GOP nominee Donald Trump went into attack mode early Friday morning against former Miss Universe Alicia Machado and Democratic nominee Hillary Clinton, calling the former beauty queen "disgusting" and a "con" and accusing Clinton of falling for the woman's traps.
The tweets, posted at about 5:30 a.m. Friday, started off with an accusation that "Crooked Hillary" had been "duped and used," and eventually accused Clinton of helping Machado become a United States citizen so she could bring his past with her up in Monday night's presidential debate.
In Trump's early morning Twitter comments:
The anti-Machado tweets came on the heels of another Twitter message, posted just after 3 a.m. Friday, about reports concerning him using unnamed "sources:"
And just before midnight, Trump attacked CNN and one of its stars, Don Lemon:
The Don Lemon tweet came after his show covered Trump's comments to Howard Stern on Iraq, his birtherism statements, attacks on former President Bill Clinton's past, and new reports about issues at the Trump Foundation, reports Mediaite.
The Machado tweets, posted within minutes of each other, came the morning after one of his most trusted advisers and surrogates, former House Speaker Newt Gingrich, told an ABC News podcast that it would be best for Trump to avoid attacks on former President Bill Clinton's past sex scandals, as "you're never going to beat the Clintons in the mud."
However, Gingrich on Wednesday defended Trump comments on Machado's weight gain, telling an audience that "you're not supposed to gain 60 pounds during the year that you're Miss Universe," reports Politico.
A panel on MSNBC's "Morning Joe" program slammed Trump for his tweet storm, questioning why he'd be making such attacks with the election just over a month away.
"It's unnatural and weird unless you have followed Donald Trump's not only campaign, but followed his career." show host Joe Scarborough said. "He is the central figure in our 'Bonfire of the Vanities.' This is how he's operated. Nobody should be shocked this morning. This is how he's operated for 40 years. It's how he's going to operate for the rest of his life."
"He doesn't understand that he told the women of this country that they're not beautiful, unless they are certain weight that's almost impossible unless you starve yourself," co-host Mika Brzezinski, a frequent critic of Trump's, also commented.
"It's one thing to think that way and maybe 30 years ago when you're running pageants but to double down on it today, that's what he's telling women, that there is a line of what is beautiful . . . you need to be skinny to the point of hungry and worried about this because of him. It's so sick. It's beyond personal," Brzezinski added.
Machado, a Miss Venezuela who became Miss Universe in 1996, became the topic of discussion after Clinton said during Monday's debate that Trump had called the beauty queen "Miss Piggy" and other names because of her weight-gain after winning the crown.
But on Tuesday, Machado also launched attacks against Trump's wife, Melania, calling her a "doll" and a "decoration" and making fun of her English skills, reports Fox News.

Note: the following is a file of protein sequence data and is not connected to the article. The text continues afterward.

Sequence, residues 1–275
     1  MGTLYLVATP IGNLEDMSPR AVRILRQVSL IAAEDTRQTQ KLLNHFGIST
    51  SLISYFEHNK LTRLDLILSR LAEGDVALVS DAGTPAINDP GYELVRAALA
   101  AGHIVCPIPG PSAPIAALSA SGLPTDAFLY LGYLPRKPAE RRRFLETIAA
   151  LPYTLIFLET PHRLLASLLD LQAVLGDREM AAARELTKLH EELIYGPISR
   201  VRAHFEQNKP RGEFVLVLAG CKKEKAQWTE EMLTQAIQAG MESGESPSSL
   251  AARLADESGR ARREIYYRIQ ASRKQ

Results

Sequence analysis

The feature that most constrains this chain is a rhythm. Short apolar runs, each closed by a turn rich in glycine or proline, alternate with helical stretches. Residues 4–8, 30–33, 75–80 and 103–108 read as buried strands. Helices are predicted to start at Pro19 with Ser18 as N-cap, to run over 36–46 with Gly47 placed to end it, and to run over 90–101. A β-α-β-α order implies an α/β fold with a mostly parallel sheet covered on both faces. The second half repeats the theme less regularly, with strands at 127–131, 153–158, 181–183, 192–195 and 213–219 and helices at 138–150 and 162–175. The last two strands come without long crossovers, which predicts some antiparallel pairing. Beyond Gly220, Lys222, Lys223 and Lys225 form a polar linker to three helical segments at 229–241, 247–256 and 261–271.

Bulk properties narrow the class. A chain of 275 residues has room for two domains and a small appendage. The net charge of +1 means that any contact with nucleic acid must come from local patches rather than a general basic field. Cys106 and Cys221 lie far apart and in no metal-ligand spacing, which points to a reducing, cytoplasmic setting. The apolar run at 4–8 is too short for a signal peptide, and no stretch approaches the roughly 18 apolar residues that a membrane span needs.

Also on Thursday, video was released showing Machado and a male contestant on a Spanish reality show in 2005, after they were caught on night vision cameras. She was engaged at the time to then-Philadelphia Phillies star Bobby Abreu, and the couple broke up shortly after.
Another video emerged of Trump and Machado discussing her weight in 1997 and during the end of the clip, Trump mocks the physical appearance of several reporters and Machado laughs.
Also this week, it was revealed that a Venezuelan judge accused Machado of threatening to kill him for indicting her then-boyfriend for attempted murder during the 1990s. The victim's family also accused her of driving her boyfriend's getaway car, but she was never indicted due to lack of evidence.
The expanding attacks on Machado also come as Trump's campaign struggles over whether he should launch attacks on Clinton over her husband's sex scandals. Trump did not attack her on that score during the debate, and after said he'd thought about doing so, but he held back out of consideration for their daughter, Chelsea, who was in the audience.
However, according to The Associated Press, that restraint does not appear to have much hold.
In talking points later distributed by the campaign and obtained by the AP, Trump supporters were advised that "Mr. Trump has never treated women the way Hillary Clinton and her husband did when they actively worked to destroy Bill Clinton's accusers."
The document mentions Gennifer Flowers, Monica Lewinsky and Paula Jones, a former Arkansas state worker who sued Clinton for sexual harassment. The former president eventually agreed to an $850,000 settlement with Jones, but acknowledged no wrongdoing.
Trump supporters were advised to blame Hillary Clinton for being "an active participant in trying to destroy the women who has come forward with a claim."
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